The tasks followed Willis’ (1996) model (Pre-task, task cycle, and language focus). In the pre-task phase the teacher explored the topic with the class, highlighted useful words and phrases, and provided students with examples. In the task cycle part, students worked in the task in pairs or small groups and prepared the report. In the language focus stage opportunities for students to analyze and practice specific linguistic forms were provided.

The procedure for the implementation of each task required first that the topic of the task was negotiated with the students taking into account their interests and likes. Next, the material for the class was selected or designed. Finally, the instrument to collect information about the tasks was designed and the oral performance of the 35 students was recorded. It is important to clarify that the implementation of each task took up to two weeks to complete due to extra factors such as changes in the schedule and administrative meetings, among others. Pair work, group work, and individual work were used to encourage students to use the language.

When planning the tasks, students were asked about their previous experiences with English. The results showed that the students were aware of the importance of speaking and they wanted to improve. Most of the students also manifested that most of the time they understood what the teacher said in the L2 but had difficulties responding or interacting in English. Additionally, they manifested that those difficulties were due to lack of vocabulary, a poor level of pronunciation, and fear of speaking in front of others, because they fear being evaluated by teachers and peers, and they also experience a lack of interest in the speaking activities due to uninteresting topics. The previous data confirmed that students needed to work with significant tasks (related to their interests) but also authentic ones (reflecting what they do in real life) to foster their communicative competence.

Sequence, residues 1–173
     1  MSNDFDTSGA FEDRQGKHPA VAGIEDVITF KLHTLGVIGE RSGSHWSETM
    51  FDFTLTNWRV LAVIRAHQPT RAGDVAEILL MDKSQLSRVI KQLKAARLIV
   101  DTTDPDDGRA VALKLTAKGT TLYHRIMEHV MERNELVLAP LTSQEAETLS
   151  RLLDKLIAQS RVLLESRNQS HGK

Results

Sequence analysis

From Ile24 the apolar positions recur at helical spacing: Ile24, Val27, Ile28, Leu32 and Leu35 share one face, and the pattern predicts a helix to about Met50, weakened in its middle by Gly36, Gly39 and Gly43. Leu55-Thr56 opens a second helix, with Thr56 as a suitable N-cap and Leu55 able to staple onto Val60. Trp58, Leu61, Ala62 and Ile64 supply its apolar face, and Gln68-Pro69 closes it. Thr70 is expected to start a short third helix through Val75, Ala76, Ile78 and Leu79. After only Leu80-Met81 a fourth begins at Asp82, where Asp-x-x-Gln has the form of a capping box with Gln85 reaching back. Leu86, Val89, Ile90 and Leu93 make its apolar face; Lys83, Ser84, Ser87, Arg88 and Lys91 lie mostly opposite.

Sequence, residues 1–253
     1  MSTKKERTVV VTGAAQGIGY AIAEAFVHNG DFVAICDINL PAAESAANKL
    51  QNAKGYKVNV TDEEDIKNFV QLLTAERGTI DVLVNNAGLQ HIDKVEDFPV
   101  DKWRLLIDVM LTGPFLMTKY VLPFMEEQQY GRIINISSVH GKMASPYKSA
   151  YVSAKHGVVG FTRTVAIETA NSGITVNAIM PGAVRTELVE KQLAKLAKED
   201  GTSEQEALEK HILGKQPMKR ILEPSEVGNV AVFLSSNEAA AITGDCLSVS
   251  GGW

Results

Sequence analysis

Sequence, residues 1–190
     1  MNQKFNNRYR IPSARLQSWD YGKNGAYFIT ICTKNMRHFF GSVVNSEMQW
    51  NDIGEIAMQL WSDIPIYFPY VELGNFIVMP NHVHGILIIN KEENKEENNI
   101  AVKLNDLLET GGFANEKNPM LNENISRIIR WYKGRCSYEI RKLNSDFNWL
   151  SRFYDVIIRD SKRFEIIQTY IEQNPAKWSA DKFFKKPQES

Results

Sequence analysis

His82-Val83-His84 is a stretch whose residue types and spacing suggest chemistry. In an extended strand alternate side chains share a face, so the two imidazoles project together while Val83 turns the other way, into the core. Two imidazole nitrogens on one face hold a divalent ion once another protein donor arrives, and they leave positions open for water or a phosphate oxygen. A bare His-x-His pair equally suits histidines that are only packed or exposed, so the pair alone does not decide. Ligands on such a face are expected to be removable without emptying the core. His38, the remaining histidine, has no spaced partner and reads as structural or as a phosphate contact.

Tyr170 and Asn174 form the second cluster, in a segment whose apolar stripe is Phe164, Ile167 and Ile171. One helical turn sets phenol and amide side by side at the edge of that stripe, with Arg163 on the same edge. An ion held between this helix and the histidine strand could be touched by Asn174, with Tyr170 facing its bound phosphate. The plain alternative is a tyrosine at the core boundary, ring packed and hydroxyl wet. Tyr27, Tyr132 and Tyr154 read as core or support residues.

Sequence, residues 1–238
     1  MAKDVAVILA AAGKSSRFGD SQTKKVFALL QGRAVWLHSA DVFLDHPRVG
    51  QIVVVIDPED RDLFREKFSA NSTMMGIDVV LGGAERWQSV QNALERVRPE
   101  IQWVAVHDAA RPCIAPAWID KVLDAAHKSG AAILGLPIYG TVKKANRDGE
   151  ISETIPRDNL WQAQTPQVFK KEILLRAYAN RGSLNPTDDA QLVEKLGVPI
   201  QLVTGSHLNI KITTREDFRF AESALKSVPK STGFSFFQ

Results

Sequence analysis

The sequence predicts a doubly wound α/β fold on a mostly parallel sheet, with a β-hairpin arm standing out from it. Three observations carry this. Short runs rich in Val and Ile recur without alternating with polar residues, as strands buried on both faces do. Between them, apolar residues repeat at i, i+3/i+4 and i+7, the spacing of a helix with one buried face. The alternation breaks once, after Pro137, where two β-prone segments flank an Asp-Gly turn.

As previously stated, four tasks were designed and implemented during the study. The first task about a sporting event was selected because it was one of the students’ favorite topics. Moreover, tenth graders were the organizers of the school soccer championship. For the development of the task, students worked in pairs so that they had the opportunity to exchange information about their favorite sports considering elements such as equipment needed, place to practice it, conditions, and rules, among others. Additionally, a tablet was given to each pair so they watched a video about some sporting events. During the development of these activities, anxiety yet also enthusiasm were evident in the majority of the students. Spanish was highly used but little by little, as the students lowered their anxiety, new vocabulary and expressions in English were incorporated in their language. The teacher’s main role was to monitor and answer questions. The final goal of the task was to prepare a creative poster about a sporting event and to invite and convince their partners to participate in it. An important condition was that students needed to make use of the vocabulary and expressions previously learnt.